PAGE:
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IdentifierCreatedClassificationOrigin
07BERLIN1126 2007-06-05 16:09:00 UNCLASSIFIED//FOR OFFICIAL USE ONLY Embassy Berlin
Cable title:  

U.S. 60-DAY REPORT TO UN SECURITY COUNCIL ON UNSCR

Tags:   KNNP EFIN IR UNSC AORC ETRD TRGY GM 
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OO RUEHWEB

DE RUEHRL #1126 1561609
ZNR UUUUU ZZH
O 051609Z JUN 07
FM AMEMBASSY BERLIN
TO RUEHC/SECSTATE WASHDC IMMEDIATE 8465
INFO RUEHBS/USEU BRUSSELS IMMEDIATE
RUEATRS/DEPT OF TREASURY WASHDC IMMEDIATE
RUEHUNV/USMISSION UNVIE VIENNA IMMEDIATE 0276
RUCNDT/USMISSION USUN NEW YORK IMMEDIATE 0476
					  UNCLAS BERLIN 001126 

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SENSITIVE

STATE FOR ISN, EB, NEA, IO, VCI, P, T, EUR, AND TREASURY-TFI
SIPDIS

E.O. 12958: N/A
TAGS: KNNP EFIN IR UNSC AORC ETRD TRGY GM
SUBJECT: U.S. 60-DAY REPORT TO UN SECURITY COUNCIL ON UNSCR
1747 (IRAN SANCTIONS) PASSED TO GERMANY

REF: STATE 73219



1. (SBU) Global Affairs officer conveyed ref demarche to
German MFA UN Policy Division Desk Officer Mirko Schilbach
June 1. Schilbach said he will share the U.S. report with
other appropriate officials in the German Government. He, in
turn, shared a copy of the report that Germany submitted to
the UNSCR 1747 Sanctions Committee on German implementation
of UNSCRs 1737 and 1747. Schilbach noted that accompanying
the German national report was a report submitted by Germany
in its capacity as EU President to the UNSCR 1747 Sanctions
Committee concerning EU-wide implementation of the sanctions,
based on the EU Common Position adopted in April 2007.
Despite the submission of this EU-wide report, however, each
EU member state is responsible for submitting its own
national report to the Sanctions Committee, Schilbach said.



2. (SBU) Germany, Schilbach, said, did not need to pass new
legislation to implement the UNSCR 1737 and 1747 sanctions on
Iran, thanks to the EU's Common Position and corresponding
Regulations on implementing the sanctions. Furthermore,
Germany had not exported any weapons to nor imported any arms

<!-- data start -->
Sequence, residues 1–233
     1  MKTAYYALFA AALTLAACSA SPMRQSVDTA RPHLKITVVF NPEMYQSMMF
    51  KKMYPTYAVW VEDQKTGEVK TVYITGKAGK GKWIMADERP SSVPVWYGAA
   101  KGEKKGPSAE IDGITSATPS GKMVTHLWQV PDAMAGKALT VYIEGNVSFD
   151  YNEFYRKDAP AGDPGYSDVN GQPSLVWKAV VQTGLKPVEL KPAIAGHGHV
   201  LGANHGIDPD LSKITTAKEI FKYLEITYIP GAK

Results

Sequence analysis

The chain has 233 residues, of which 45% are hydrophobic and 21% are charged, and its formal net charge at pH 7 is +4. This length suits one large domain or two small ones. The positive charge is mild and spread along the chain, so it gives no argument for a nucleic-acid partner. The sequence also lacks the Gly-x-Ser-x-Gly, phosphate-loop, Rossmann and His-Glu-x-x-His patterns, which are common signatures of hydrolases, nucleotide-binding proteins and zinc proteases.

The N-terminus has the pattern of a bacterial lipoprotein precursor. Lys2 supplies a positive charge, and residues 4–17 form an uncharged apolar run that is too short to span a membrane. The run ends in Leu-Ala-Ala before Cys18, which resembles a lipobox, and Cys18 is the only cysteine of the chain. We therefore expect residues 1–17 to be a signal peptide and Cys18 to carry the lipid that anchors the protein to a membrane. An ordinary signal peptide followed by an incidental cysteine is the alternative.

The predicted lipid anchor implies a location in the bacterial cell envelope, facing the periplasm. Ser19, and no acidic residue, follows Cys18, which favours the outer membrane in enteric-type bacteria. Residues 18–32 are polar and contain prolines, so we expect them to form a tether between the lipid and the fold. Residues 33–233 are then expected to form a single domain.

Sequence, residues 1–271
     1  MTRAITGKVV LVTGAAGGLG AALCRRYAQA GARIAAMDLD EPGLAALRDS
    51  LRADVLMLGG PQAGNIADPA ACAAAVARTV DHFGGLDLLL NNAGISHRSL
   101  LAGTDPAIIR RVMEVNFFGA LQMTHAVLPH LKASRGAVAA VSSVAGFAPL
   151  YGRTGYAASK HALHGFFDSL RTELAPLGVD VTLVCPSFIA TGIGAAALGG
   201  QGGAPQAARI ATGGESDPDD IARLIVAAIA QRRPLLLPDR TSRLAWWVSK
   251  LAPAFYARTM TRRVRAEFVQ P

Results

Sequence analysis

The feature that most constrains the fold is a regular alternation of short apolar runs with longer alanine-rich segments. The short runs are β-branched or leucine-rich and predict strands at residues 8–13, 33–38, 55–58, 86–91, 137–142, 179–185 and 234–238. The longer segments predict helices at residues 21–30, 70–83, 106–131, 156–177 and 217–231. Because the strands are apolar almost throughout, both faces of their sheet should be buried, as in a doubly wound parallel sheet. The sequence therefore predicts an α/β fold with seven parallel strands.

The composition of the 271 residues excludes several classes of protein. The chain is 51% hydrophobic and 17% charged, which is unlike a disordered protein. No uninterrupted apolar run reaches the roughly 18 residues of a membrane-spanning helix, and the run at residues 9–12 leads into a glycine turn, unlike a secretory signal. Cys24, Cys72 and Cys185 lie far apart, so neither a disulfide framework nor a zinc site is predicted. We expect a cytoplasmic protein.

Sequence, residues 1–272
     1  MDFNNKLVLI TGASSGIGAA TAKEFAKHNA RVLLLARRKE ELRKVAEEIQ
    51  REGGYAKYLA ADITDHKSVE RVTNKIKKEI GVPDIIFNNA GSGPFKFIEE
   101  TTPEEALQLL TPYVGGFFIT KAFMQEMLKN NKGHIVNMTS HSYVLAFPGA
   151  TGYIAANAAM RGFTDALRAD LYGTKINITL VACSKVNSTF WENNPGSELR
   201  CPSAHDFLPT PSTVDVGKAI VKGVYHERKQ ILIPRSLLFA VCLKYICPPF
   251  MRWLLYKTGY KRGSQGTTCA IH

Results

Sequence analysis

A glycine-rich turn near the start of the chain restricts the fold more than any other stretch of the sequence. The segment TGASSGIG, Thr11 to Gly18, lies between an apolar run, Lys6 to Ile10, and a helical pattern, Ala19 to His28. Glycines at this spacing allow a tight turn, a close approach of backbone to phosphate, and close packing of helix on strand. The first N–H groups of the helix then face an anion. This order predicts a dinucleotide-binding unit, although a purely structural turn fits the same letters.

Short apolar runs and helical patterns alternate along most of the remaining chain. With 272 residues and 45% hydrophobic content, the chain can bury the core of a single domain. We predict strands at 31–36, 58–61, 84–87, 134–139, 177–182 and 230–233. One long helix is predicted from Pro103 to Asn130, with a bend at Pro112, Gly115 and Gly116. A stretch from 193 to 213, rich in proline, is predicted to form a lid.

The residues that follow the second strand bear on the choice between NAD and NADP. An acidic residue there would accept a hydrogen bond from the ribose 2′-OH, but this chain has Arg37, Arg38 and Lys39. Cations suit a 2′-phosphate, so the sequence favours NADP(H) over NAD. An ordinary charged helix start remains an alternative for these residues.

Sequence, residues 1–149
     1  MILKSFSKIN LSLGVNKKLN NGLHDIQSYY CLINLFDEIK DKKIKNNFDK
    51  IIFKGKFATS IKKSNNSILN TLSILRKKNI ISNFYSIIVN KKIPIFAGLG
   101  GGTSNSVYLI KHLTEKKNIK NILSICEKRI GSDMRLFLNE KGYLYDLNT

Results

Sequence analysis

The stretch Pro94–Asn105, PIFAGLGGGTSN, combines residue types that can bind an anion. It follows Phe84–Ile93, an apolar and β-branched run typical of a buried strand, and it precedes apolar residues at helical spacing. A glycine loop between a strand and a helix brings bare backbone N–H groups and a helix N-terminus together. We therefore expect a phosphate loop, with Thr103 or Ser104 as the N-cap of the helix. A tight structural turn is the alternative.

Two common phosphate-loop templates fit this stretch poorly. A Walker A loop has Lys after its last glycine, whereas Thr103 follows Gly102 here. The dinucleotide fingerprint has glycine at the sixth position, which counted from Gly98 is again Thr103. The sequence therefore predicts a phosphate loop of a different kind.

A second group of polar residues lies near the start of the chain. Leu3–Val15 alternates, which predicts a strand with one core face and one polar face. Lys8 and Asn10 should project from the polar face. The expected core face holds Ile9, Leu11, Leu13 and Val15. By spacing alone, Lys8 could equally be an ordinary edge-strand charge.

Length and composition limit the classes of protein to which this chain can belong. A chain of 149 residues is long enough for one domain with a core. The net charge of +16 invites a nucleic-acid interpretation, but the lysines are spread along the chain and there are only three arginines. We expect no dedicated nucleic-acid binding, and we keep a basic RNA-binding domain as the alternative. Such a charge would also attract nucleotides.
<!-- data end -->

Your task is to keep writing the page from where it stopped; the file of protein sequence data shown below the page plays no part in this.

from Iran in the time period well before the sanctions were
approved by the UNSC, according to Schilbach. Concerning
action to freeze the assets of Bank Sepah in Frankfurt,
Schilbach said the German Government had the necessary
authority to do this in advance of the adoption of the EU
Common Position. He noted that although Bank Sepah continues
to exist, the German Ministries of Foreign Affairs and
Economics are monitoring its activities and only allowing it
to pay necessary expenditures without allowing it to conduct
any transactions in violation of the UN sanctions.



3. (SBU) Germany strictly applies the visa restrictions on
Iranians listed under the UNSC sanctions, Schilbach said.
Nevertheless, Germany does not necessarily have reasons to
bar the travel of Iranians who are not listed. Schilbach
noted that Iranians who are not listed could potentially
obtain visas to visit Germany and attend arms fairs, but they
would be unable to buy German arms or related material,
because German exporters would be unable to obtain export
licenses in such cases. In addition, German Customs
authorities have been alerted to check exports from Germany
to Iran to ensure that no military goods or dual-use goods
that could support WMD programs are shipped there. Because
of the German Government's oversight of exports to Iran and
also because of the increasing uncertainty of doing business
there, German firms are becoming more cautious in dealing
with Iran, Schilbach added. He said that German firms make
more inquiries with the German Federal Economic and Export
Licensing Agency (BAFA) about trade with Iran than before the
UNSC sanctions were enacted.



4. (SBU) On a separate issue, Schilbach commented on the May
31 meeting in Madrid between Javier Solana, High
Representative for the Common Foreign and Security Policy of
the EU, and Ali Larijani, Iran's Secretary of the Supreme
National Security Council and chief nuclear negotiator.
Schilbach contended the EU was not naive in agreeing to the
talks with Larijani. Instead, the EU believes it is worth
communicating with Iran concerning the impasse over the
latter's nuclear program, and Larijani is seen as perhaps the
only approachable high-level Iranian official at this point,
according to Schilbach.
TIMKEN JR